News Summary: Vatican finances get mixed grades

News Summary: Vatican gets mixed report on efforts to fight money-laundering, terror finance

Associated Press
News Summary: Vatican finances get mixed grades

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Pope Francis waves as he arrives for his weekly general audience in St. Peter's Square at the Vatican, Wednesday, Dec. 11, 2013. Pope Francis has been selected by Time magazine as the Person of the Year. In only his first year, the Pope was selected by the magazine's editors as the person who had the greatest impact on the world, for good or bad, during 2013. (AP Photo/Alessandra Tarantino)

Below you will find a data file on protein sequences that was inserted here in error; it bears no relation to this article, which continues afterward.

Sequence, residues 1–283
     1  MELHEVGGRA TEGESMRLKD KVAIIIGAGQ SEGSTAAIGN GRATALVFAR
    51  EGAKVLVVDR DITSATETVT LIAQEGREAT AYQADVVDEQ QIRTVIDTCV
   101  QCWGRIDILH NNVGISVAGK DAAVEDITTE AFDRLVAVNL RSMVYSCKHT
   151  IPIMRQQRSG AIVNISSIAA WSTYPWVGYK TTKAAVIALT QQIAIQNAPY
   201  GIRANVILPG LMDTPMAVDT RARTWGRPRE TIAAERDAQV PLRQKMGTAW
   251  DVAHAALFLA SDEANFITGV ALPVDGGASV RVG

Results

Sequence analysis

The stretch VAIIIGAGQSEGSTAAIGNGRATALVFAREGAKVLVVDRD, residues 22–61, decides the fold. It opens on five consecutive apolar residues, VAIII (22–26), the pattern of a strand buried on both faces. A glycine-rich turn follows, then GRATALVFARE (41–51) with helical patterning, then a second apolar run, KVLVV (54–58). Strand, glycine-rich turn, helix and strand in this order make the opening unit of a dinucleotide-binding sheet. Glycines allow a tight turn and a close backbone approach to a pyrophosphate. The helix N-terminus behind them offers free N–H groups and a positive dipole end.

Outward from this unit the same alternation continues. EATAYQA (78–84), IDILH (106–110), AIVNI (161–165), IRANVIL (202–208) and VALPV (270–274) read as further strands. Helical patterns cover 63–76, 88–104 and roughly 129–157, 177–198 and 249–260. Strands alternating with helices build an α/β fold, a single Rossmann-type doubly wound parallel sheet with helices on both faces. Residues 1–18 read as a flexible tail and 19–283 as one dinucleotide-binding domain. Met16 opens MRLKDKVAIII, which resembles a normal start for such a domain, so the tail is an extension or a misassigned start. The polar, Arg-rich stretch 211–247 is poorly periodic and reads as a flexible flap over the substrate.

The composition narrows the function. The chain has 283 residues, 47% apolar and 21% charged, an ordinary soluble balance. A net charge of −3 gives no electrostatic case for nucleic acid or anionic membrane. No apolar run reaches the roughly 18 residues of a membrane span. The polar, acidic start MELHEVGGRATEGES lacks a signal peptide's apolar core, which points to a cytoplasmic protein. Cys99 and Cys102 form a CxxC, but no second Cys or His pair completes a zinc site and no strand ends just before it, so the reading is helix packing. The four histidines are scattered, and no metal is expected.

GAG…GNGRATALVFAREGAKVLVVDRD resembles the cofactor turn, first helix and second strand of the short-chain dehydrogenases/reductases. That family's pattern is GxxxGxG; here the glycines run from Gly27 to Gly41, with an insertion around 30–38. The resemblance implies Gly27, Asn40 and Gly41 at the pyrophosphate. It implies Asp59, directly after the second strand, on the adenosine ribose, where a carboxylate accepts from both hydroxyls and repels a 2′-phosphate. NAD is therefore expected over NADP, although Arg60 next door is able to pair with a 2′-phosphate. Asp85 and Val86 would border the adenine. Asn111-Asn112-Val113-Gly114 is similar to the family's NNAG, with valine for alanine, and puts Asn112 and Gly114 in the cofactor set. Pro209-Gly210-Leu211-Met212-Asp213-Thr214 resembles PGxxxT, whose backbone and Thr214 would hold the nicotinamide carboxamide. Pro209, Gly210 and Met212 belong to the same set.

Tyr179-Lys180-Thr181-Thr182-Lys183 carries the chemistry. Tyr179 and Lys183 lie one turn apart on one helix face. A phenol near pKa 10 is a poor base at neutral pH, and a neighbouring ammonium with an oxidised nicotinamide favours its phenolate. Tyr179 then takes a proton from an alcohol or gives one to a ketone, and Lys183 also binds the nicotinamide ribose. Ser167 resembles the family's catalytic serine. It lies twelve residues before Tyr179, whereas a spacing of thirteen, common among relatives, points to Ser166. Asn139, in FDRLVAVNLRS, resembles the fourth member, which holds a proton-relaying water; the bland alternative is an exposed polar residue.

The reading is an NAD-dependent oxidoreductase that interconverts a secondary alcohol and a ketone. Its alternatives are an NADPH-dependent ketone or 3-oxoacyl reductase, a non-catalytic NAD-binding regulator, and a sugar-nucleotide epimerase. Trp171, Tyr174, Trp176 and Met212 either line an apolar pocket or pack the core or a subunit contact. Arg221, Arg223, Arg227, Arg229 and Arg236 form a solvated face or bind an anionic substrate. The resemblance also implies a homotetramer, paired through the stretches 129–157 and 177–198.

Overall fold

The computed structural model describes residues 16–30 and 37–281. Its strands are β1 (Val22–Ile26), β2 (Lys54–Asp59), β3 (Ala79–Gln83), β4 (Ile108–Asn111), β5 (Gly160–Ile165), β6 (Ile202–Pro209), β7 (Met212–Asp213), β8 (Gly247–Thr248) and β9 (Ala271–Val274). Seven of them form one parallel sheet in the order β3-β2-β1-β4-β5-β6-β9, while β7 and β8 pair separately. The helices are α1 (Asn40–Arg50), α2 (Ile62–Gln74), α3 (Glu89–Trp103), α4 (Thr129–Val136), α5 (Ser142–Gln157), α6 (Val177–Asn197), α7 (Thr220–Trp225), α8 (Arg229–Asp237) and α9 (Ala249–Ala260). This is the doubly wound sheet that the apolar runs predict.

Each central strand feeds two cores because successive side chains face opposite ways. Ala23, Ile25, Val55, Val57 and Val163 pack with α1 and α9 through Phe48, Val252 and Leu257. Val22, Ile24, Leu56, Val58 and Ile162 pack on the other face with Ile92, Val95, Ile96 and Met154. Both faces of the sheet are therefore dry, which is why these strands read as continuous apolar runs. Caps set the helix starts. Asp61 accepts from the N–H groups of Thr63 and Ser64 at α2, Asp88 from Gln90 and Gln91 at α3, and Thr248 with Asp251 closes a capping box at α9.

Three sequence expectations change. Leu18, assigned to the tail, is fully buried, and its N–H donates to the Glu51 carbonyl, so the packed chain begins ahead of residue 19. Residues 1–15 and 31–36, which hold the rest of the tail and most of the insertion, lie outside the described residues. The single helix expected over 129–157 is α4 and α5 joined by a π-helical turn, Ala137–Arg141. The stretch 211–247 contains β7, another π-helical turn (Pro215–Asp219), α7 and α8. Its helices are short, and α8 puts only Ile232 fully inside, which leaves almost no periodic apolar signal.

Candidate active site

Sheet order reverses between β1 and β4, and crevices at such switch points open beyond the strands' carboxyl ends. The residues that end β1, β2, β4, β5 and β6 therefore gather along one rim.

MIXED MARKS: European inspectors reviewing the Vatican's efforts to comply with international norms to fight money laundering and terror financing praised the speedy overhaul of its legal code, but said it is too early to tell how well the new laws are being implemented.

BIGGEST BEEF: The chief complaint by the Council of Europe's Moneyval committee was that the Holy See's financial watchdog agency has yet to inspect the embattled Vatican bank to see how it was enforcing the new laws.

PROGRESS?: The report said 105 suspicious transactions had been flagged to the financial watchdog agency in 2013 as potential cases of money-laundering, up from only a half dozen in 2012. Three cases were forwarded to Vatican prosecutors for investigation.

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